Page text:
I didn’t give away the surprise twist that supposedly makes this all OK and understandable – in case you want to see it when it gets re-run, unless they burn all copies.

    I apologize to Opie & Tom – you didn’t make the worst movies of the past 100 years. The Last Templar beat you by a long shot.

  • http://www.nhreligion.com Stephen A.

    Julia, I saw the first episode, seemingly a month ago, how long was this thing anyway? I couldn’t bear to watch the rest, since it seemed so cheesy, and I apparently guessed pretty well where it was going. The entire “catholic priest=evil” meme is not only bigoted, it’s lazy and predictable writing, which is the greater sin in entertainment.

  • Larry “the grump” Rasczak

    “When popular films get it wrong, however, the results are painfully funny. Think of the revivalist preacher in There Will Be Blood (also by Anderson) who wears an oversized cross, or faith healer Steve Martin huffing and puffing in front of a huge crucifix in Leap of Faith.”

    I take strong exception to that.

    Two reasons, one I agree with and one I don’t.

    The first reason is simple fairness. Amos and Andy may have been painfully funny in the day, as was Jack Benny’s Rochester…but you don’t see them (or a Sambo’s Resturant) around any more.
    Personally I like South Park, so I think political correctness is taken to far… but if you are going to guard the sensibilities of every possible “subject class” out there…then why is it “painfully funny” to go after religious people (and conservatives) steriotypical gags, but nobody else? Apparently white men, Christians, and Sara Palin are fair game for anything…but everyone else you have to look both ways before you tell the joke.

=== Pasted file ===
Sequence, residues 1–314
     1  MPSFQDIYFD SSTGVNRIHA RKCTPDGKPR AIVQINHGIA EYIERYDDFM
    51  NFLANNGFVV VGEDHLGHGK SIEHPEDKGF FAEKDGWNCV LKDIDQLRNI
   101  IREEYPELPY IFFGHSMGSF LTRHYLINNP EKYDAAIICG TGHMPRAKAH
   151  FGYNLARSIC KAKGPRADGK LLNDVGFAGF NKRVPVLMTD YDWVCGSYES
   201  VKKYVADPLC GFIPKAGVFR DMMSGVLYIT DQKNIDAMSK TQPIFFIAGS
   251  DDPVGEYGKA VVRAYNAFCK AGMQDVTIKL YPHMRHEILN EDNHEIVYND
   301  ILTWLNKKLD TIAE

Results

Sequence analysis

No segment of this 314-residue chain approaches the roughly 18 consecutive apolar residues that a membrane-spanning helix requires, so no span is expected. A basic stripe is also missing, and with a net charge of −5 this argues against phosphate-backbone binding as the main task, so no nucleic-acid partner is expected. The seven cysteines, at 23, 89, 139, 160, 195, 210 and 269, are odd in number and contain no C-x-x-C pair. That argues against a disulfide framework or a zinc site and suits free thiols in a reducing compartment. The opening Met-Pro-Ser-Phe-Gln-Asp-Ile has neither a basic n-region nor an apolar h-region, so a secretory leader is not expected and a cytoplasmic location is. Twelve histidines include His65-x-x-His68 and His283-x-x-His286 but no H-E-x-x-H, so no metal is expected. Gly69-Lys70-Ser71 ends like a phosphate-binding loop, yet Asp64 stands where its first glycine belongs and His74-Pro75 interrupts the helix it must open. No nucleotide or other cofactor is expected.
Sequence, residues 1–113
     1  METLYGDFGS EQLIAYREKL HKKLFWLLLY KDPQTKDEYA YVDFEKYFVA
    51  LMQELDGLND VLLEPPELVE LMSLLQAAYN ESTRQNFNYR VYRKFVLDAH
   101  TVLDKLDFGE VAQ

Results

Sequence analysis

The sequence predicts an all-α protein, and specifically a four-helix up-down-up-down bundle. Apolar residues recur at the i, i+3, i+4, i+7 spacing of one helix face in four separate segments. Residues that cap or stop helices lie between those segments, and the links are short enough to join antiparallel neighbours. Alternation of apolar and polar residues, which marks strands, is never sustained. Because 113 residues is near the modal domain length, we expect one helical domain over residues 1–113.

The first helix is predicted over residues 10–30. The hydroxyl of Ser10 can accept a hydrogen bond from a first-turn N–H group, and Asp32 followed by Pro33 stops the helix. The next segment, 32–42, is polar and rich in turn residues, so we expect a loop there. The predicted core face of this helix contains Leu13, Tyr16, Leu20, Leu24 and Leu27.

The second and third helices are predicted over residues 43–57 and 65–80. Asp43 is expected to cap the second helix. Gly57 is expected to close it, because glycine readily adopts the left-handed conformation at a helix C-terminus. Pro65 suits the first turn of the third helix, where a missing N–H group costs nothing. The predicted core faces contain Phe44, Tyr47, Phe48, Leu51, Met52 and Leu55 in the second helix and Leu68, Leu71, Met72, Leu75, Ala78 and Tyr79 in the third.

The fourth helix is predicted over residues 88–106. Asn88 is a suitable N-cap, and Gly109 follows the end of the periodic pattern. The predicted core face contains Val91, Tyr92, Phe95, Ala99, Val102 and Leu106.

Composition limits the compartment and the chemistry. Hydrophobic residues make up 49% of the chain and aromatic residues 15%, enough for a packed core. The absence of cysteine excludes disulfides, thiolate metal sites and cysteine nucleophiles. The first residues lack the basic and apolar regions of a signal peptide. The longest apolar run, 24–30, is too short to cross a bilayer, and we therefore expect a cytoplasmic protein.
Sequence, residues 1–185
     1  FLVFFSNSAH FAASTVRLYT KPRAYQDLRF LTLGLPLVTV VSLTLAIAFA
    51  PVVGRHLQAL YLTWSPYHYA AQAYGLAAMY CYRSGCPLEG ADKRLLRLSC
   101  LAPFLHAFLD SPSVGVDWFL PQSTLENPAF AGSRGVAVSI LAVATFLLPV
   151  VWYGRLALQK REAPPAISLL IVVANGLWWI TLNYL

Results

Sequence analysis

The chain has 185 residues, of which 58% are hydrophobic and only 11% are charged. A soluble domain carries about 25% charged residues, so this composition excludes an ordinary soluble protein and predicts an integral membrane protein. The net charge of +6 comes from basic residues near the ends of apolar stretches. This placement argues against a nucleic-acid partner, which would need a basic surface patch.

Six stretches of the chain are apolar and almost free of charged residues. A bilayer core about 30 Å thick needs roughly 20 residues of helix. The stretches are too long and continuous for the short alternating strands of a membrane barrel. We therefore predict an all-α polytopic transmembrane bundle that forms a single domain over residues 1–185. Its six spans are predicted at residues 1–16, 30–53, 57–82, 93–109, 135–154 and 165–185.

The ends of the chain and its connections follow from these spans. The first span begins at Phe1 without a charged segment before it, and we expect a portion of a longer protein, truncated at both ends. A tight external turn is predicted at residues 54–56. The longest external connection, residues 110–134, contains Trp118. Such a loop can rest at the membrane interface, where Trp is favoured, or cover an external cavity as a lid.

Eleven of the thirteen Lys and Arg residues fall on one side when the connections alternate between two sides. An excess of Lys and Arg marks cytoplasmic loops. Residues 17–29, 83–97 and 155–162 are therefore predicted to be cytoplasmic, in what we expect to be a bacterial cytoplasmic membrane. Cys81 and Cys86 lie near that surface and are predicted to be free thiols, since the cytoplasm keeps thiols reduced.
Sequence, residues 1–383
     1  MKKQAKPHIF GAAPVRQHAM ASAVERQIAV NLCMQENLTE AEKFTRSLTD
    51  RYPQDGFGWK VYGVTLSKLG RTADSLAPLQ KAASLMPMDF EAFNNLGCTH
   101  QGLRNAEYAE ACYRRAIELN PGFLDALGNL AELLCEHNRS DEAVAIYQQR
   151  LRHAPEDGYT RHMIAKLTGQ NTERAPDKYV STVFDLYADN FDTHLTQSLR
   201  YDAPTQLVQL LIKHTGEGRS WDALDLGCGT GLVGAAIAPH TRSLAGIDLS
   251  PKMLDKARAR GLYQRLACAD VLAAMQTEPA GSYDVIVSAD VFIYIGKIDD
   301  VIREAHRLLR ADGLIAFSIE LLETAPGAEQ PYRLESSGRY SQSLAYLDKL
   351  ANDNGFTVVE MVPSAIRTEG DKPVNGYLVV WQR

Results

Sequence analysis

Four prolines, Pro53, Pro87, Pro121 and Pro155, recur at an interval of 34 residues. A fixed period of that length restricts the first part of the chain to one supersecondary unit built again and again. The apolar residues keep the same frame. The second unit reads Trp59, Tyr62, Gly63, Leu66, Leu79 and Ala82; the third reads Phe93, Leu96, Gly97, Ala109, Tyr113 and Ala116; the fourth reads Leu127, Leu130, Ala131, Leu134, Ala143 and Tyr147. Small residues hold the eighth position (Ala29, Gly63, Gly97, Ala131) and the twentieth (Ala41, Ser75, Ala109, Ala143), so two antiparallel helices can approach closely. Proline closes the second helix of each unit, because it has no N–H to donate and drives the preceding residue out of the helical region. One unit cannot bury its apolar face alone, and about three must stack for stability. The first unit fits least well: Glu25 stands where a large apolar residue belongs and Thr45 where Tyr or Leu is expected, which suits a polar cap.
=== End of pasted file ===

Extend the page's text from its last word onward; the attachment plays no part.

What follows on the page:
Secondly, I don’t think it is funny at all because a growing number of people simply don’t know that a film “gets it wrong” when it depicts Christians that way. Lets not forget, today’s teenagers are the grandchildren of the baby-boomers. This means Mom and Dad got all their moral instruction from Aaron Spelling productions on ABC. For this generation it was Fantasy Island, The Love Boat yes… actually showing up at Church…not so much. Prayer was something that wierd people do… not something that you did in school every day.

    It isn’t so bad in the USA, but in Europe this is a very serious problem…there are families there where nobody has ever been in a Church, except as a tourist or for a friends wedding, for two or three generations.

    So if the only thing they know about Christians comes from “there will be blood” and the Da Vinci Code…that’s what they think Christians are really like.

    The spiritual, political, and social implications of this are not good at all.